The Urban Dictionary defines a "fashionista" as a positive, powerful woman with a natural flair for style.  Stella was, without a doubt, a "fashionista" before Carrie Bradshaw and The Devil Wears Prada.  I don’t remember jeans.  Or sneakers.  Nothing less than a full ensemble.  Not a moment when she wasn’t impeccably dressed.  Always with flair.  She definitely had presence.

She was, though, much more than that.

My Aunt was generous.  Her home was always open to family and friends.  Everyone was welcome.  Uncle Eddie and Aunt Stella moved from Elmont to Jericho when I was starting high school.  Susan had gone to college already, but Marci and I were in the same grade.  We had the same friends.  We had parties and we invaded their house on Sutton Place on a regular basis.  While I’m sure we were a handful, I never heard a complaint.

You know, the things we remember are often random.  And then there are those moments that teach you the meaning of a word like generosity.  One day my mother and I were visiting.  Aunt Stella was showing us a slide necklace that she had picked up at an antique fair.  A long gold chain with a round sliding charm…diamonds in a circle and an opal in the middle.  It was the most beautiful thing, and when I told her how much I liked it she gave it to me.  Just like that.  On the front steps of her house.  It took me a long time to collect enough slides to make it a bracelet, but when look at the finished project it’s still the one round charm with the diamonds and the opal that is my focal point.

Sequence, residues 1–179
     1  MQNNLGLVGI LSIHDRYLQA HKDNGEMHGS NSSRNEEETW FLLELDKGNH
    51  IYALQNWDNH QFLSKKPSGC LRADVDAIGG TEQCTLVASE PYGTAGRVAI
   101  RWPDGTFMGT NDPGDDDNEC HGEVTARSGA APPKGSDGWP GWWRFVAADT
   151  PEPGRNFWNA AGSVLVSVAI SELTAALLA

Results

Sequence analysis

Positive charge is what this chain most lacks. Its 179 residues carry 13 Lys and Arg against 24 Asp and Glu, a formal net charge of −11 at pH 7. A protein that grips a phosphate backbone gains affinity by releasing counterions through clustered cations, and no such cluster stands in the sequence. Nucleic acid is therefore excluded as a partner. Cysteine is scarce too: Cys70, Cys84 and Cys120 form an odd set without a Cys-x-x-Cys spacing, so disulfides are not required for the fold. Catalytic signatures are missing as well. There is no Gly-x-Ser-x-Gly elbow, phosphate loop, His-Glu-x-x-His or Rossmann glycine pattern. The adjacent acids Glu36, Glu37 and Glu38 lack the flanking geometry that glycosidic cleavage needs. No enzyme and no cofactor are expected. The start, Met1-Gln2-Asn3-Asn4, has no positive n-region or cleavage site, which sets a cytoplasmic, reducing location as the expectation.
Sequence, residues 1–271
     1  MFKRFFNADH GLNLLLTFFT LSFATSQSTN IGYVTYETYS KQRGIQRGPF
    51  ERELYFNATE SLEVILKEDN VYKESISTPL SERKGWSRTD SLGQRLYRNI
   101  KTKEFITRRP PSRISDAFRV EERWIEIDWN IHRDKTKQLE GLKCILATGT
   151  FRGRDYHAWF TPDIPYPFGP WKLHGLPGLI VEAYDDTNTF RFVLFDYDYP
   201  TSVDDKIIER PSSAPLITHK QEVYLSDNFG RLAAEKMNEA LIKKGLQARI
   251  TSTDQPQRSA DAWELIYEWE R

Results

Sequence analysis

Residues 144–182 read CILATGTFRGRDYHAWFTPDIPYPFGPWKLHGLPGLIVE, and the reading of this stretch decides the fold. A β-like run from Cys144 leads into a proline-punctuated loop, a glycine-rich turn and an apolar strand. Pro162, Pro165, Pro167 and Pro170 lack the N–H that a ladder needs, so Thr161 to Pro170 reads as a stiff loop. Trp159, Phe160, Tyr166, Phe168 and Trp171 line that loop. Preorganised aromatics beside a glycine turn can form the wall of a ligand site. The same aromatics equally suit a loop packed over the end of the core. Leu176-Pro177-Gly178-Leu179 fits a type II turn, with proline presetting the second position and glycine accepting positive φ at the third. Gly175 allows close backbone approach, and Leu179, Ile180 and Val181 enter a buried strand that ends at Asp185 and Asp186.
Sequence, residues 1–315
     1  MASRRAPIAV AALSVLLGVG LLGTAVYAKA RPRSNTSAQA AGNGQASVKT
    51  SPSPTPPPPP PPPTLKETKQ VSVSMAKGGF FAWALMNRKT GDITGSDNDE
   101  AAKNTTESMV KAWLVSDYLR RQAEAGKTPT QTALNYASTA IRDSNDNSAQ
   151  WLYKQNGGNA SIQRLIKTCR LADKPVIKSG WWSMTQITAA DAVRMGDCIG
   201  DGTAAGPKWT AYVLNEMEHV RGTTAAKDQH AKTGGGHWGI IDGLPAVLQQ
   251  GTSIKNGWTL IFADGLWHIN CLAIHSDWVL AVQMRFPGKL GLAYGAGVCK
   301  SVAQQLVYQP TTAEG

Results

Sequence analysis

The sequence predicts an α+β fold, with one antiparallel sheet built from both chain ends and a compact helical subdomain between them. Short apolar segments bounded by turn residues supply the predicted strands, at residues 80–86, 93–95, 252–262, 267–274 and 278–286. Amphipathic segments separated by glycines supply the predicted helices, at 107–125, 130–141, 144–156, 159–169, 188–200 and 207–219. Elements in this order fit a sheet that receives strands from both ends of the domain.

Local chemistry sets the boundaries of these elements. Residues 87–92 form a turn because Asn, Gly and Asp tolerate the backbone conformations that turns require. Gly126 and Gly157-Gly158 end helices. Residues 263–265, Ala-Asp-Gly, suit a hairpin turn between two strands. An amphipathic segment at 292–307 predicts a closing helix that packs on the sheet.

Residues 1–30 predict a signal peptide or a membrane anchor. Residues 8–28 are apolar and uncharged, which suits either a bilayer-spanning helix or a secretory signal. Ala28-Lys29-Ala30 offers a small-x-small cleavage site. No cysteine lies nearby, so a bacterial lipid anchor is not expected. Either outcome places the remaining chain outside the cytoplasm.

My Aunt was unfailingly loyal.  All families have their differences.  For our family, sometimes those differences resulted in rifts that lasted years.  Sides are taken and disagreements can take on a life of their own over time.  Aunt Stella never got in the middle of it.  Truly…I never heard her speak a bad word about a member of the family.  She knew that time heals and that eventually whatever it was would be resolved.  She was unwavering in her loyalty to the family and tried always to bring people together.  It was often difficult to do, but she pulled it off.  I learned a lot from her and try hard to follow her example. 

Most of all she was fiercely devoted to her daughters, Marci and Susan, their husbands, Lenny and Joel, and her  four wonderful grandsons.  And to my Uncle Eddie.  Last winter he was in the hospital.  He was quite sick and my parents were flying down to visit.  Aunt Stella called my cell and said, "Listen…you get hold of them before they come to the hospital.  I’ve told Eddie that your father has to come down here on business.  I do NOT want him to think he’s so sick that they had to fly down."  Fiercely protective and as wild for him then as the day they got married.